I know... Copper knew just by the "clicky heels" that she wasn't going anywhere. And the other dogs read her language or read her mind or however they communicate (and they do!) and just went with the flow. Needless to say, those were the goldens. If there was a lab there, they'd still be jumping in your face saying "I don't care! I don't care! Take me with you! Take me with you!"
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Old 05-18-2005, 06:31 PM
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On one of my trips to the grocery , I had Bushwacker, Bear, Copper and I.B. in my Trooper....I could always trust them not to jump out. When I left the grocery, there was Copper in the lot next to my Trooper, with the others heads out of the window saying " Oh God, what has she done" !!!!! As I got to the car, ready to scold her, here was a huge pile of poop near the rear wheel ..... poor girl had to decide the worst of the 2 evils !!! Needless to say, I didn't scold her... Gave her a hug, cleaned it up and off we went. I also was able to put grocery bags in with them ....only one problem. I glanced once (not that trip) in my rear view mirror and saw 3 golden eyes with horror on their faces, and there was Bubba with a cookie in his mouth !!! His face was definitely , what did I do, what did I do !!!! I pulled over, resealed the bag and that was the end of that trick. They're sooooooooooooo special !!!!!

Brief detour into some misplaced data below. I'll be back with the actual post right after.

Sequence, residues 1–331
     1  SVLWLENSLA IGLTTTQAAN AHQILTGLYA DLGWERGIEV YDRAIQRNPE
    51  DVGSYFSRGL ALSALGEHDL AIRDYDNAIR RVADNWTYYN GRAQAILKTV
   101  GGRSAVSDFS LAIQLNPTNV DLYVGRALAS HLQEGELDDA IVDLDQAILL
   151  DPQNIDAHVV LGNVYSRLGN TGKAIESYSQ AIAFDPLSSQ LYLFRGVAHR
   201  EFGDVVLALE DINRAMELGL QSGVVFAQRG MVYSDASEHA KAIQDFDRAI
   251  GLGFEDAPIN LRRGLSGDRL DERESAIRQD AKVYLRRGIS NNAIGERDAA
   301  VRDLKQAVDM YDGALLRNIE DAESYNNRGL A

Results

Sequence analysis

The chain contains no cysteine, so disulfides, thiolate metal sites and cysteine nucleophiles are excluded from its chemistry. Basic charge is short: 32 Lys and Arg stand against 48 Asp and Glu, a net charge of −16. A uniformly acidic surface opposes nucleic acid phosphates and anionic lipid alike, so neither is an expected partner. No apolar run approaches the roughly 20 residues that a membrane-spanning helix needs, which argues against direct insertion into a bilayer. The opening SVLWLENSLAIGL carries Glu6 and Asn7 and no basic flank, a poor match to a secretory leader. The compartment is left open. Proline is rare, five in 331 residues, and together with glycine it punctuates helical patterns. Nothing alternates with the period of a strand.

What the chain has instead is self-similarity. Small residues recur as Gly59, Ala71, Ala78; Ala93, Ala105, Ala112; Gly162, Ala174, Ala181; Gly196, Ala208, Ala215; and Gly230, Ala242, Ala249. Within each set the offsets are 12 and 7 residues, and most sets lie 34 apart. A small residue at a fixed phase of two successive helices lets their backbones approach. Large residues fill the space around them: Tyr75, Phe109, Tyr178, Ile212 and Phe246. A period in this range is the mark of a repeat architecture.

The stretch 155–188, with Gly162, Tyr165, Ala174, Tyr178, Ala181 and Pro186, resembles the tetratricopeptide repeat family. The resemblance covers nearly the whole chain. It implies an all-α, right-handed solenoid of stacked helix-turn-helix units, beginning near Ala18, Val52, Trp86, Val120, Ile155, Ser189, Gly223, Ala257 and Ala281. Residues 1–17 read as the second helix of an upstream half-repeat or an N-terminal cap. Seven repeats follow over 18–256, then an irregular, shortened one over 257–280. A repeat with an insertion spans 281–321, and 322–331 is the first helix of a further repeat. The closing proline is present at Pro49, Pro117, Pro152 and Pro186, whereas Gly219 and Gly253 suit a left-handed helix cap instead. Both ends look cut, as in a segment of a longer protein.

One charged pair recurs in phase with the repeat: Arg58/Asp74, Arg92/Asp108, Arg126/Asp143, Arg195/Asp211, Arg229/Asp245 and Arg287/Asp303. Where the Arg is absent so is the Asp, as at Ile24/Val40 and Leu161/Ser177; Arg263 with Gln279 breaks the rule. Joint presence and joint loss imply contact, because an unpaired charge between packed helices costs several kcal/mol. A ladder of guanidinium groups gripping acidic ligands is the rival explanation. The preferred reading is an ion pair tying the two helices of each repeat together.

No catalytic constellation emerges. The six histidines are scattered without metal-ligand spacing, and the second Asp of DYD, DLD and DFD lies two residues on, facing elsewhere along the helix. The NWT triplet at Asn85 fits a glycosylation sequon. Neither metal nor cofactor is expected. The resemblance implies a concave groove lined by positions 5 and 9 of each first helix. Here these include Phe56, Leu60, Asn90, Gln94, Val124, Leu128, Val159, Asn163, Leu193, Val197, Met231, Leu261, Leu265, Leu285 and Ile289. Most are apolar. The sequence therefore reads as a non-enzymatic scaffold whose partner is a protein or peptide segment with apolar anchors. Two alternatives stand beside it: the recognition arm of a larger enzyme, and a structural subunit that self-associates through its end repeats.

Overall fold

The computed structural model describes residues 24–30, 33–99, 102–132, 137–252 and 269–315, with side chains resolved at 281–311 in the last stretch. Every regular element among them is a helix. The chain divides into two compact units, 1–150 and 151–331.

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Old 05-18-2005, 06:39 PM
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I truly think dogs have a better understanding of the ability to love and forgive then we ever will. I will never understand the people who hate dogs. What a horrible handicap to live with My dogs have emotions and I think that they are deeper than mine.
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Old 05-18-2005, 08:46 PM